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How To Use Cheap, Effective Postcards To Market Your Business, Organization, or Idea

By: Ron Sathoff and Kevin Nunley

Ron Sathoff is a noted speaker and manager of DrNunley's InternetWriters.com  He provides copy-writing, marketing, Internet promotion, and help for business speakers. Reach him at ron@drnunley.com or 801-328-9006.
Kevin Nunley provides marketing advice, copywriting, and promotion packages. See his 10,000 free marketing ideas at DrNunley.com Reach Kevin at kevin@drnunley.com or 801-328-9006.

Your marketing needs two advantages to succeed.  It must get attention and it needs to be cheap enough to fit your budget over the long haul.  Marketing that blends in with ads around it or is too expensive to do more than a few times will get you into trouble fast.

Postcards carry the day on both points.  Because a postcard doesn't need an envelope, your message has a head start when grabbing attention.  Today's bright, full color postcards practically jump out of your prospect's stack of mail.

Postcards are far cheaper than regular mail.  They compare in price to opt-in email.  And you can make small, targeted postcard campaigns that bring the results of an expensive print or broadcast campaign.

First, figure out what you want to achieve with your postcard. Are you looking for leads?  Do you need to get more people into your store or to your web site?  Are you trying to boost sales of a featured product or service?

Your postcard's main message needs to be simple and direct. Create a sentence or two that zeros in on your main objective. If you want your postcard to get people to do more than one thing, consider sending a series of postcards.  Each card can concentrate on motivating readers to do a single task.

For example, Mary's antique store might first send a postcard to addresses in an upscale neighborhood letting people know her store is open for business.  Next she might want to send a postcard that focuses on a single item or line.

Notice we didn't just say Mary mailed her postcard.  She mailed them to "an upscale neighborhood."  Mary focuses her marketing budget on a specific audience that she feels is highly likely to buy. Targeting like this can increase response by 60 percent.

When you target consumers, consider these ways of categorizing your audience:  where they are located, what they do for a living, family size, income range, ages, men or women, how much education they have, and the lifestyle they embrace.

Targeting a business is a bit different.  Business-to-business audiences can be classified according to industry, wholesalers vs. retailers, number of employees and annual sales, and industry groups they may belong to.

You can also target to past customers.  Target one mailing to people who buy often.  Have a different postcard go to customers who buy less frequently or haven't purchased in a while. Unhappy or one-time customers could comprise a third and fourth list. Building your own house address list will be invaluable.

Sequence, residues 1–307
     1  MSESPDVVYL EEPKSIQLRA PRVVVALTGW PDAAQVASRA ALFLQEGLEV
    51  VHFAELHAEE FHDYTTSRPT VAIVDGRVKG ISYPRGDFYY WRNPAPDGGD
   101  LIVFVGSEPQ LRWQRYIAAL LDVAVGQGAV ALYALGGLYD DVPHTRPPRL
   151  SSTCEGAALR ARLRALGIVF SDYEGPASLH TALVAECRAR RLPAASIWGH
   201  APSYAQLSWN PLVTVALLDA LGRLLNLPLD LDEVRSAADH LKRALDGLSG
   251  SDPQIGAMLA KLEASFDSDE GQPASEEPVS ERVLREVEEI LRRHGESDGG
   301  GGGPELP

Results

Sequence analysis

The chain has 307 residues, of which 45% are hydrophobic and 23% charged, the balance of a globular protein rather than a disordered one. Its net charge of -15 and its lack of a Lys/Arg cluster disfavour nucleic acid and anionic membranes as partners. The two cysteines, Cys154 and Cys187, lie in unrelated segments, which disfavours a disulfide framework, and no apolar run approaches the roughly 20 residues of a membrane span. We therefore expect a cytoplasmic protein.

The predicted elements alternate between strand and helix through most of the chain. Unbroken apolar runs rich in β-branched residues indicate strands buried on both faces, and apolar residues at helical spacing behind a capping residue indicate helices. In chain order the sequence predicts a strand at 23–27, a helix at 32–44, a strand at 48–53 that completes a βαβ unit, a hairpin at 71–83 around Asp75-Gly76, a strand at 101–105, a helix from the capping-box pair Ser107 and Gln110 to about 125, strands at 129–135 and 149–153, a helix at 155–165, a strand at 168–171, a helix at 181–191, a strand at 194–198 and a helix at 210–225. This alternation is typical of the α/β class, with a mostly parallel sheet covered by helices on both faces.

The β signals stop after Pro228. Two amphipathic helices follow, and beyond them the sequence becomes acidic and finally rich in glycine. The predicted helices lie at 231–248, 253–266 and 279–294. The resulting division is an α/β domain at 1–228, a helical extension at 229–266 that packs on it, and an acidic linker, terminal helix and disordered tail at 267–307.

Get mailing lists from list brokers in your area (check the Yellow Pages) or from the firms in SRDS.com's Directory of List Brokers (have your local library can get it for you.)

Now that we have a big picture, let's get back to how to write and design your postcard.

Like any marketing document, start with a headline. Begin with an action word.  Promise a main benefit customers will get when they buy from you.  Cut out extra words.

Headlines work best when they are black, bold type on a white background.  White on a dark background works well, too.  Avoid colored type.  It can easily blend into the background making your headline less attention-getting.

Write in a mixed case like this sentence.  Capitalizing The Beginning Of Each Word or PUTTING YOUR HEADLINE IN ALL CAPS makes your headline harder to read.

Use a full-color photo to make your postcard look more impressive and stand out from the other mail.  That used to be expensive, but now online suppliers like ModernPostcard.com give you a vast catalogue of stock photos to choose from at a low price.  We have a card we send to advertising agencies that need help writing copy.  The full-color photo shows an ad agency creative director pulling his hair out in frustration.  Any ad exec will immediately identify with the story our photo tells.

Finally, take advantage of the many sizes postcard come in.  4.25 by 5.5 inch cards are small, perfect for short messages and fitting in a customer's pocket or purse.  Many people like to use the larger 5.5 by 8.5 card.  It gets attention, can hold more information, and can still be mailed cheaply.  Cards as large as 8.5 by 11.5 inches are still relatively inexpensive to print.

If you are only sending a few postcards each week, you can get best results by hand addressing your cards and affixing a stamp. It gives your card a personal touch customer's appreciate.

Cheap, effective postcards are a great way for a very small business to gradually build its customer base and sales. Postcards are also a good way to augment a larger company's print and broadcast campaigns.  By following these simple tips, you can insure your postcard gets noticed and brings results.

© Copyright 2001, Ron Sathoff and Kevin Nunley

Other Articles by Ron Sathoff
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The author assumes full responsibility for the contents of this article and retains all of its property rights. MarcommWise publishes it here with the permission of the author. MarcomWise assumes no responsibility for the article's contents.

 

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